Maggie (2015)

Maggie

Dave’s 3-Word Review:
Zombification: Terminal Cancer

Zombies and Arnold Schwarzenegger seems like a match made in heaven – something that would have been epic back in the mid ’90s. Even today, I wouldn’t mind seeing how the man of muscles himself would deal with the walking dead, but as great as that basic concept is, Maggie is much more dramatic and emotionally driven than I thought it would be. The real question is…does a zombie movie work as a drama? We already know it’s not terrible as a comedy, or even romantic comedy – but how about drama?

Maggie centers on the life of Maggie – the daughter of Wade (Schwarzenegger) and coincidentally also was recently diagnosed with a virus that kills the patient and makes them cannibalistic creatures after death…aka zombies. However, the process is really slow – we’re talking several weeks, so her dad decides to take care of her as the zombification process takes effect.

First thing’s first. The movie is really…really…slow. They purposefully do this to really magnify the emotions from, well, everyone in the film as everything transpires. To be fair, the emotions displayed in the movie are done really well – as is the transformation by Abigail Breslin. All of the things that technically happen in the movie are done well – but I can’t exactly say it’s what I wanted to see from the movie. Instead, what this movie resembles instead – is a movie about a girl suffering through terminal cancer – and the family wants nothing more than to make her life the best it could be before her passing. We’ve seen cancer movies before – this is exactly like that – just with a zombie theme…take it or leave it.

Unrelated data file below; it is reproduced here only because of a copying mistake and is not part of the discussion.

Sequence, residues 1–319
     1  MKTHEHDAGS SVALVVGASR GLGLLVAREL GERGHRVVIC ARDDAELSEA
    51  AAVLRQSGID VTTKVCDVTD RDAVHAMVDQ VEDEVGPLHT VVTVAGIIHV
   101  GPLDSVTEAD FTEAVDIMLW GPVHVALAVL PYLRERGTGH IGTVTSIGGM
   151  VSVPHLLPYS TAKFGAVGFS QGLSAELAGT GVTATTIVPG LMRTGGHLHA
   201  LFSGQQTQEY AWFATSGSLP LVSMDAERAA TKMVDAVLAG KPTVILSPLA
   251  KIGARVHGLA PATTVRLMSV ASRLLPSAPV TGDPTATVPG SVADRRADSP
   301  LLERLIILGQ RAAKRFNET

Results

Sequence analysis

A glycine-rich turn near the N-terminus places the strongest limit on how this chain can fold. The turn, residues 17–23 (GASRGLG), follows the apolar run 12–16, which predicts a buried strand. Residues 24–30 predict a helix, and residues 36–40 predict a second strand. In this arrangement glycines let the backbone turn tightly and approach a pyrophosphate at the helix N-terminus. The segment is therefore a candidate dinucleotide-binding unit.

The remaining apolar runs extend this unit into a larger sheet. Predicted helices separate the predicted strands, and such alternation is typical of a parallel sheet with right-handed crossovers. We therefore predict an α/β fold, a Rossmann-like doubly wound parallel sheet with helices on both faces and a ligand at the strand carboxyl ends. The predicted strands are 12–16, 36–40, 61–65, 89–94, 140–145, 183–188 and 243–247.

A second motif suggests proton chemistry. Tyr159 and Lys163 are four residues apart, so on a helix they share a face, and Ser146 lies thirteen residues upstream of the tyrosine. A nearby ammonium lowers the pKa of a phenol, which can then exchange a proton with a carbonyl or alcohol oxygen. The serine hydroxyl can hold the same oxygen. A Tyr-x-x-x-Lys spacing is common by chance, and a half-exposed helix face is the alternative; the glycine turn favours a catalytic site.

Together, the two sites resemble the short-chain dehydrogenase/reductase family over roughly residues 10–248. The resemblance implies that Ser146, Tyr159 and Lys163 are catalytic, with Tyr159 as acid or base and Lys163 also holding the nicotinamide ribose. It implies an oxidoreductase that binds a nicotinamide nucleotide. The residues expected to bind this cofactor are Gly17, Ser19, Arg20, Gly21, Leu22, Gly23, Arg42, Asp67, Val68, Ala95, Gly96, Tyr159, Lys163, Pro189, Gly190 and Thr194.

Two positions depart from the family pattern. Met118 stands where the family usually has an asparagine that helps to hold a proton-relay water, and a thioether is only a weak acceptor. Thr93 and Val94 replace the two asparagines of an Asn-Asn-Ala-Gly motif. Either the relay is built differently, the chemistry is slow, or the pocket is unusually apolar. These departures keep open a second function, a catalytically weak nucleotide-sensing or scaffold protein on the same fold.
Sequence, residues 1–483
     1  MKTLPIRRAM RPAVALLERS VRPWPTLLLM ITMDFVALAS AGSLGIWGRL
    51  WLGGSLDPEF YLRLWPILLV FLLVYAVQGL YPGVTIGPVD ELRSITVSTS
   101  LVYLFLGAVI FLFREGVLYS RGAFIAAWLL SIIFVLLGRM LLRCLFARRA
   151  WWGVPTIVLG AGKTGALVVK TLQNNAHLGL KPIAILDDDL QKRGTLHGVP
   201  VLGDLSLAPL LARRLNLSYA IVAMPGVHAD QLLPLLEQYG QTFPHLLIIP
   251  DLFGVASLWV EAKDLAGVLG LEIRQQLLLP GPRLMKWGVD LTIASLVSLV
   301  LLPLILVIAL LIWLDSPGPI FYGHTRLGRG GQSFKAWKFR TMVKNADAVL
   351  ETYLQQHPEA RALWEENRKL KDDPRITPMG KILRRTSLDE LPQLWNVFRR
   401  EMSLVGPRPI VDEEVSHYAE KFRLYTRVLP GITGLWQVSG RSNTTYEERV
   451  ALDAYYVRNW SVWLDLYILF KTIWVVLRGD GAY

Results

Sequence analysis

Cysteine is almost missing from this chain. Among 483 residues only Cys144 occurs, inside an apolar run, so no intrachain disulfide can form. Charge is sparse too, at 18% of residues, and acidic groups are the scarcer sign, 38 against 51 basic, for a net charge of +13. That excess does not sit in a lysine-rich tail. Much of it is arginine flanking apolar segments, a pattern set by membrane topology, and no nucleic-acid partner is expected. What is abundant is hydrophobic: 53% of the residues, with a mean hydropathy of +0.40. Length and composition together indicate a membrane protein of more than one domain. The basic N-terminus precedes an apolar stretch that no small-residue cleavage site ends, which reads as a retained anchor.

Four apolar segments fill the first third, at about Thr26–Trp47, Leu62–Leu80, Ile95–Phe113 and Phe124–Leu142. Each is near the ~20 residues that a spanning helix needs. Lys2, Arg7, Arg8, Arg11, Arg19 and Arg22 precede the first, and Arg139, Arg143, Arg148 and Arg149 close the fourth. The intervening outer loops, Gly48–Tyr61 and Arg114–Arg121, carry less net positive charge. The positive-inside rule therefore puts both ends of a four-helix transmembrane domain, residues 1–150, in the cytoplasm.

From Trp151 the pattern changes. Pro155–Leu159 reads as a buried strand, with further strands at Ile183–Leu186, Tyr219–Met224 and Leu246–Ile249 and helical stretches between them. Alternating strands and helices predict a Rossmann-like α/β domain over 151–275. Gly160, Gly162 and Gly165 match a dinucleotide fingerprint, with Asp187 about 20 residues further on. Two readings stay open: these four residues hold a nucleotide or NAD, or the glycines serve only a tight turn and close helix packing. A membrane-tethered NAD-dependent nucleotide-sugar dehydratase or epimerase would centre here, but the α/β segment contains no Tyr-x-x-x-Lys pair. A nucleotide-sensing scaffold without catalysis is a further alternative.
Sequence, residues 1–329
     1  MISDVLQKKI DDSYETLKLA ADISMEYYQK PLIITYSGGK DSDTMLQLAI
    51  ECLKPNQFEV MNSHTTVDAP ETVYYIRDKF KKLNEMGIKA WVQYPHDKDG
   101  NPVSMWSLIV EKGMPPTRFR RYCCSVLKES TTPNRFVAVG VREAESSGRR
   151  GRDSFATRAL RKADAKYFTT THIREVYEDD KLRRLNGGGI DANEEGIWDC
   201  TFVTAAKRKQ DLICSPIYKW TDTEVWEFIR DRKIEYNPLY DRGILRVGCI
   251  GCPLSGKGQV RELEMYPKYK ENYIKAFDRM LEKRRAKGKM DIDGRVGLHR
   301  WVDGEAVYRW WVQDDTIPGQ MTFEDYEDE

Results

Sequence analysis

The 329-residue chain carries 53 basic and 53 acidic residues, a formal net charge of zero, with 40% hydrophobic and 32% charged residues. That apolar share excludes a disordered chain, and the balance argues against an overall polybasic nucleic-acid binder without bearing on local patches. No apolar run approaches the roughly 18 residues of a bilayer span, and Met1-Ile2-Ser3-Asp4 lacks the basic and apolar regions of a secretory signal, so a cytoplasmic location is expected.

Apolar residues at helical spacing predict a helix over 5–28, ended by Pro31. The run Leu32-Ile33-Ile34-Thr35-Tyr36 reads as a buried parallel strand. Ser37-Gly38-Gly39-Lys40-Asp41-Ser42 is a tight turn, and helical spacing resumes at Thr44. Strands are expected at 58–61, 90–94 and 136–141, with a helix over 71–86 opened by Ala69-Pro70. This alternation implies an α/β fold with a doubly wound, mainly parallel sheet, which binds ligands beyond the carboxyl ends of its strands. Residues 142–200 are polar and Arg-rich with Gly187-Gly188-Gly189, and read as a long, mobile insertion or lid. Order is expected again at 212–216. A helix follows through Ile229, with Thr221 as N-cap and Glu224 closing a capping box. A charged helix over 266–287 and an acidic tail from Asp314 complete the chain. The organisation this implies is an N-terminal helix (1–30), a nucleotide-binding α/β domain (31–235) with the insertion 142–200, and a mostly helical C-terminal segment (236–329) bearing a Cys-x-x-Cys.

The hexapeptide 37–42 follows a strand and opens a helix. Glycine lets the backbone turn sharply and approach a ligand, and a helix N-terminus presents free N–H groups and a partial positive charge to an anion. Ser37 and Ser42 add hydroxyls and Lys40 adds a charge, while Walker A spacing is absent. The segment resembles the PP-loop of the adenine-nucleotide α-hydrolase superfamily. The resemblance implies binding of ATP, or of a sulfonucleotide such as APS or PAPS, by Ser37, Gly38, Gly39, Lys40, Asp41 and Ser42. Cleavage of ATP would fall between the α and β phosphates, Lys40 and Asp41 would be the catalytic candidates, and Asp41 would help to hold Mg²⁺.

I don’t want to say anything bad, because most of the flaws that I found with the film lie with my expectations. My expectations say Arnold Schwarzenegger needs to grab the nearest shotgun and blast away all the zombies as he tries to find a cure for his daughter – but it’s not like that at all. Because of that, I’m starting to question myself as to Schwarzenegger’s overall importance. Could anyone else fill the role? Absolutely. Schwarzenegger is one of a kind, and that just isn’t so with this film. So as far as expectations go…I’m a little disappointed, I have to say.

However, the movie does feel zombie-themed. It’s dark, brooding, and honestly a bit disgusting when it comes to Abigail Breslin decaying for weeks right in front of you. It does a wonderful job displaying some possible scenarios if zombification were actually a thing – and how your body would experience the changes – that was downright the best part of the movie. It’s not everything, mind you, but that’s really the reason that you’re watching. Most movies have people turning to zombies in a matter of minutes, but several weeks? That’s unexplored territory, and for the most part they did a great job with it.

I know I complained about the slowness, but all things considered, this is a father/daughter story. His love for her is really what drives the film. There may be moments where he’s not even in the movie for a short period of time, but his love for his daughter is always center stage.

Here’s where I’m confused – I’m not entirely sure what audience would benefit from this movie the most. You see, it’s deep and emotional – so there are some female audiences that might appreciate that – but it’s also dark and brooding, sometimes really violent…which is more like a guy’s film. These two tones really clash with each other, though, and not in a good way. It’s interesting, to say the least, but I’m not really sure who would benefit from this.

The Good:

From a technical standpoint, they did a lot of things right – they displayed the emotions and transformation amazingly and creatively.

The Bad:

The two major tones in the film – emotional/deep and dark/brooding/violent – don’t seem to really match up all that well, and any expectations you might have for the movie might leave you a bit disappointed.

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